Most of these derogatory marks will fall off your credit reports after seven years, according to credit-scoring company FICO®. However, Chapter 7 bankruptcies can stay for up to 10 years

Derogatory marks won’t hurt your credit forever, though. The impact on your credit scores from a derogatory mark can diminish as time goes on, and responsible credit usage could help your scores. 

How to get derogatory marks removed from your credit report

If the derogatory marks on your credit report are accurate, they generally won’t fall off for up to seven to 10 years. But if you think there may be a mistake or an inaccuracy on your credit report, the Consumer Financial Protection Bureau (CFPB) recommends taking the following steps to resolve it: 

  1. Contact the credit bureaus to alert them of the error.
  2. Provide a written explanation of why you feel the entry may be wrong.
  3. Share any supporting documentation you may have.

Once you’ve submitted your dispute, the CFPB says that the credit bureaus are required to investigate your claim. If the credit bureaus determine there’s an error, they must report back to you. But the CFPB also notes that the bureaus can choose not to investigate the dispute if they determine your claim is inaccurate. In that case, the CFPB says that the bureaus are required to notify you within five days. 

How derogatory marks can impact future finances

Derogatory marks on your credit reports can make it more difficult to be approved for credit cards, loans and other financing. These negative marks can also lead to less favorable lending terms, such as higher interest rates or additional fees.

Rebuilding your credit after derogatory marks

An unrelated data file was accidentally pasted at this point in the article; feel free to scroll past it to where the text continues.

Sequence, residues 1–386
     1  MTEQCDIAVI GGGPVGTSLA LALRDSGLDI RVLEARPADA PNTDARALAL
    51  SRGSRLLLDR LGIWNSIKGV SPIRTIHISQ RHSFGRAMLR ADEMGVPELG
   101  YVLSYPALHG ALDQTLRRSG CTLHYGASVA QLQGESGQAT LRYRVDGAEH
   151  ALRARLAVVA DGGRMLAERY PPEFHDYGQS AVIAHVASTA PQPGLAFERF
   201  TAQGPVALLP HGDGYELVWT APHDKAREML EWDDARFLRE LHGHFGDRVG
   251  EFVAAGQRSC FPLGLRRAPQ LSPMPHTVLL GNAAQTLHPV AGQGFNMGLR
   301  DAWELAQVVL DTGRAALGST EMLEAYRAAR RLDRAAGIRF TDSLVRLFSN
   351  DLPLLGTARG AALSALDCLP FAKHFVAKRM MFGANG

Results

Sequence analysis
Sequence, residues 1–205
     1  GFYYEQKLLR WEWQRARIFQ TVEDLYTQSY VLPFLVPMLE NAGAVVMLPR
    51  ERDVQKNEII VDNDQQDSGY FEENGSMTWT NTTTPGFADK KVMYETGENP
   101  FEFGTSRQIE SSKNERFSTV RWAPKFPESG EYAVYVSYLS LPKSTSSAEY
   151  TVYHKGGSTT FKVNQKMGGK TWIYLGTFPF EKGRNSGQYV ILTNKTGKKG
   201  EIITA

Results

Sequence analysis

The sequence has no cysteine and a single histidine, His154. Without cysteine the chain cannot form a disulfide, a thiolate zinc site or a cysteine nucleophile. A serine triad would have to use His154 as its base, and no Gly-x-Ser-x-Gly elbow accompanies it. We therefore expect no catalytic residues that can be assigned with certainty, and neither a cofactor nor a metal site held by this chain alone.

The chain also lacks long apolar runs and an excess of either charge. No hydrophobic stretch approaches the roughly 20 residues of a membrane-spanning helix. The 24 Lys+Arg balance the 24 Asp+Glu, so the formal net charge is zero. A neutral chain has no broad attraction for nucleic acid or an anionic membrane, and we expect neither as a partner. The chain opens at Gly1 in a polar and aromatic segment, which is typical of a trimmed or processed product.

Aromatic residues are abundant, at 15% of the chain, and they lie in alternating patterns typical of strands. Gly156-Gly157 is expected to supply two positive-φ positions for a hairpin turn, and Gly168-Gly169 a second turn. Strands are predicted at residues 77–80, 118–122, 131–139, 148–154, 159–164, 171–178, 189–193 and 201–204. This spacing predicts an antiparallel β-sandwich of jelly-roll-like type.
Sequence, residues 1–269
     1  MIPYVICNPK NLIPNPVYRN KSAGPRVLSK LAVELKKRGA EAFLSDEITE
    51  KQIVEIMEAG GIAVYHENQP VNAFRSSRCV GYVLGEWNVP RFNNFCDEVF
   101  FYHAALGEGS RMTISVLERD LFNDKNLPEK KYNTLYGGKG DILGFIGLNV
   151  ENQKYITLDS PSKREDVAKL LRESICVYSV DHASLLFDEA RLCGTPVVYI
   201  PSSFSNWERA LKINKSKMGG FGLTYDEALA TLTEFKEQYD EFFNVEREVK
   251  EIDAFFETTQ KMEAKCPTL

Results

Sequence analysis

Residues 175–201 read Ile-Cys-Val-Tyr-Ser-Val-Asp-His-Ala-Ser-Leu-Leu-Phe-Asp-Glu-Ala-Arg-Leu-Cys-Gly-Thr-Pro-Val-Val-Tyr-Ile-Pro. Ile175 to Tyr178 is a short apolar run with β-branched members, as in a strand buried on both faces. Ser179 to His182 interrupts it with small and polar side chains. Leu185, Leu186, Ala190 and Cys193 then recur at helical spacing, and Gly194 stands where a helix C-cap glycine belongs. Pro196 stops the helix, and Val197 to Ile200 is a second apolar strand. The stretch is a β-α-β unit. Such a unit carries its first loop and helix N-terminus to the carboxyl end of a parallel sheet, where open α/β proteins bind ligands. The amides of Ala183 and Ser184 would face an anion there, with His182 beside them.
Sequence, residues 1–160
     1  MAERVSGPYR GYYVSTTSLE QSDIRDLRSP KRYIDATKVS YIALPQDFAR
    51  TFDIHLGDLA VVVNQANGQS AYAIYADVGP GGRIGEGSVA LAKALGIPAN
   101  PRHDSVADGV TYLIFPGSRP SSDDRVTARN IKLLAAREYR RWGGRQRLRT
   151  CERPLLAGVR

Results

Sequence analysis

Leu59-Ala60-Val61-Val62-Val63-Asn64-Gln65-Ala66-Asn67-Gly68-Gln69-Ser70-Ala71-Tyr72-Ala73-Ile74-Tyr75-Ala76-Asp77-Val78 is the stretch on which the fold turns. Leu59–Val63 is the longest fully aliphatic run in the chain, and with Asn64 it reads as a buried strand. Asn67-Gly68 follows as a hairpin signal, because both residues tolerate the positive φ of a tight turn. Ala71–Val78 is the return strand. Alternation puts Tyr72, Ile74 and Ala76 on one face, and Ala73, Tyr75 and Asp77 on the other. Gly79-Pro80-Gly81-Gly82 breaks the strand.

While rebuilding credit can take time, you don’t have to sit around and wait. You can take an active approach to rebuilding your credit through responsible credit use. For instance, payment history is a major credit-scoring factor for both credit-scoring companies FICO and VantageScore®. So consistently making on-time payments as you move forward can help. 

Paying attention to your credit utilization—or how much of your available credit you’re using—can also help. Credit experts typically recommend keeping your credit utilization below 30%. You can get insight about your credit utilization with CreditWise from Capital One. CreditWise is free and available to everyone—even if you don’t have a Capital One credit card.

Derogatory marks on your credit report in a nutshell

Derogatory marks are negative items on credit reports. And they’re one of the reasons credit scores drop. Their effects can diminish over time. But trying to rebuild your credit takes consistent, responsible credit use. 

One way to track your progress is by checking your credit reports and credit scores. You can do that with CreditWise from Capital One. You can also get free copies of your credit reports from the three major credit bureaus. Visit AnnualCreditReport.com or call 877-322-8228 to learn more.